How wireless charging will change our devices

Plus: can more efficient displays make a difference?

PowerByProxi s charging box can work with either wireless power standard

If you're anything like us, every time you leave the house you take an armful of cables, chargers and just-in-case batteries to fuel a camera, smartphone, tablet and laptop to amuse you between a constant hunt for the next recharge, the next top-up.

What a terrible way to travel.

Anyone who's 'upgraded' from an e-Ink e-reader like an original Kindle to the Kindle Fire HD or Kobo Arc only to miss the once-a-month quick charge of old will know exactly what we mean. And with wearable gadgets like smart watches and smart glass imminent, it's only going to get worse.

Luckily, some clever innovations are afoot including wireless charging and power-efficient displays that could help us at last enter an era of ubiquitous computing.

What is ubiquitous computing?

The concept of ubiquitous computing was popularised by Mark Weiser in 1988, and describes a world where people interact with computers that 'weave themselves into the fabric of everyday life until they are indistinguishable from it'.

"It's just another term for mobile or portable computing," says Kevin Curran, senior member at the Institute of Electrical and Electronics Engineers (IEEE). "The biggest barrier to ubiquitous computing has simply been the poor battery life on mobile devices."

What about solar power?

If you're going off-grid to hike or camp for a few days but still want to use your tablet-smartphone-Kindle-GPS there are options. If staying at home in a darkened room isn't one of them, you could invest in something like the Goal Zero Yeti 1250 for £914 (around $1,400 USD/£1363 AUD), a battery with a solar generator that stores an incredible 150W of power within.

That's enough for about 20 laptop charges, though it does take 20 hours to recharge from light alone. It also weighs a hefty 54kg. Other options include the foldout, pocket-sized Freeloader Classic for £35 (around $54 USD/$53 AUD) that's good for a few hours charge of a phone, though does take eight hours doing it. The OffGrid Solar Backpack for £150 (around $229 USD/$223 AUD) is another option, its 2W solar panels on the outside good for a five hour charge for a 17-inch laptop stored within. Such blue-sky thinking, however, has its limits - and who wants to carry around extra gadgets?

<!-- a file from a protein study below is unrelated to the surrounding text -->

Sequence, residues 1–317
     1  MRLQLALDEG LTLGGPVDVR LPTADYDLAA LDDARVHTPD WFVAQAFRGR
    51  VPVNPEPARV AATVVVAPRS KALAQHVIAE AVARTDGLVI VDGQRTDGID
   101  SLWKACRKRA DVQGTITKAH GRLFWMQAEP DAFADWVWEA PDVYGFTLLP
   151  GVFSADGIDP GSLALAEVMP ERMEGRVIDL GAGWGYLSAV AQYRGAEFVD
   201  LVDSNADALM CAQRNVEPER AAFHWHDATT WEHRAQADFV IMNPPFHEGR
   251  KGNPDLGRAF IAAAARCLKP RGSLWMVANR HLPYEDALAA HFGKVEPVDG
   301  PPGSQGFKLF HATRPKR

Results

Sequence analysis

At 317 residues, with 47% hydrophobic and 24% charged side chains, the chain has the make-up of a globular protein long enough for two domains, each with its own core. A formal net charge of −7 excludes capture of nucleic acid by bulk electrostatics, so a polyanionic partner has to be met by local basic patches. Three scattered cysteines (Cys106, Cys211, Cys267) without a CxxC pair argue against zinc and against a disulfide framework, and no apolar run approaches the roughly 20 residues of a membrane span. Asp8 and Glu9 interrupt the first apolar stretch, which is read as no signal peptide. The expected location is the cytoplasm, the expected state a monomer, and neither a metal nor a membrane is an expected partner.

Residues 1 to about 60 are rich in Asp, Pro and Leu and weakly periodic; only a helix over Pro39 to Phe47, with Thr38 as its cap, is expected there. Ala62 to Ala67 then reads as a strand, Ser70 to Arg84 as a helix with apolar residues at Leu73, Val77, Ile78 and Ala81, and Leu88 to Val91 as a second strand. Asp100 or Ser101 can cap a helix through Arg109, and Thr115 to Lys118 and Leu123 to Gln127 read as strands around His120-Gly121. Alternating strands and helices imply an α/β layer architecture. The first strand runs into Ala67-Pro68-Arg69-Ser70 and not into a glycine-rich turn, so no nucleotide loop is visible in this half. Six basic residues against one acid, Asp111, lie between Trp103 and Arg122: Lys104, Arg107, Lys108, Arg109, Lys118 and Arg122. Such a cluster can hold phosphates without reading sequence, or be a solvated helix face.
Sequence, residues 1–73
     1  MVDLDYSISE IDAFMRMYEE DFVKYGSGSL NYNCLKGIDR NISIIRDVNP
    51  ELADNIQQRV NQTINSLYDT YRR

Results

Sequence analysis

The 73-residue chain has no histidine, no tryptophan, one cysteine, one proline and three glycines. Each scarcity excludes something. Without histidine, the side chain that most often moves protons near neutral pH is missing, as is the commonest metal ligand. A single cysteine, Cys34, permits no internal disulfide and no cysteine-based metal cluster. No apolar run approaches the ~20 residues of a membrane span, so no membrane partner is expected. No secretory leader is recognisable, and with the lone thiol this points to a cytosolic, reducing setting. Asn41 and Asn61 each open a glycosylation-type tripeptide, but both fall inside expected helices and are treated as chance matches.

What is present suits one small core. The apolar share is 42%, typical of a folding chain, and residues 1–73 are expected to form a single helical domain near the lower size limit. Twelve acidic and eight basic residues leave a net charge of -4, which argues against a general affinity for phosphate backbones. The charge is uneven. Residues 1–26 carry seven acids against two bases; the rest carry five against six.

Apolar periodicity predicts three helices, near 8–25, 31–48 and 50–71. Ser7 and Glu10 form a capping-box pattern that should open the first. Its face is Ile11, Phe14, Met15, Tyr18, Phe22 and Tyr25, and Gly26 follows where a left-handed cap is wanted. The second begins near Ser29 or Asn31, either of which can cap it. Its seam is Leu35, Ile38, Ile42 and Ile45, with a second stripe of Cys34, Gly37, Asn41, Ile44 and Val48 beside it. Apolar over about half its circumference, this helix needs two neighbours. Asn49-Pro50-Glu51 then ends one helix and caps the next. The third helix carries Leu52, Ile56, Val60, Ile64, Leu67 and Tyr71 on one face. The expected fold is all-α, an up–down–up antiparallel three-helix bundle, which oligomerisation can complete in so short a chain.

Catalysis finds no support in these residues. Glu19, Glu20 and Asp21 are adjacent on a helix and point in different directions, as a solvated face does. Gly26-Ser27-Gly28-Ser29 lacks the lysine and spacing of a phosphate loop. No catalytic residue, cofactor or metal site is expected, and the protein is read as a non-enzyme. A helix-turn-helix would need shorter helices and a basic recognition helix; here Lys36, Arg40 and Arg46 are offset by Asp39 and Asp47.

Could we not just have a phone that uses less power?

Nail on head - especially with some smartphones now using power-hungry six-inch screens. Options here include the single AA battery-powered SpareOne for £65 (around $100), a GSM phone that can last for 15 years if unused, or for 10 hours talk time, but it's certainly not a smartphone. A more innovative attempt at efficiency is the YotaPhone, a dual-screen phone with a colour LCD on one side and an electronic paper display (EPD) on the other.

YotaPhone
YotaPhone pairs a regular LCD screen with an electronic paper display that uses almost no power

"I think many of us in the industry can remember where we were when we first heard of the concept and immediately went 'why did I not think of that!'," says Curran, who calls the use of e-Ink - which only uses power when it's refreshing the screen - a 'no brainer'. "I expect many smartphones, tablets and laptops to integrate similar displays." Smart watches, too, could use e-nk; the Pebble already does.

So is e-ink making a comeback?

E-Ink is just one manufacturer in the wider Electronic Paper Display (EPD) industry that's currently awash with power-saving innovations.

Ubiquitous Energy uses a unique molecular power film across a screen that will ultimately charge a device while it's being used. "The film is transparent in the visible part of the light spectrum, and absorbs in the near-infrared to generate energy," says Curran, who expects to see the first batch of prototypes used on e-nk readers like the Kindle.

Could E Ink tech make a comeback
Could E Ink tech make a comeback?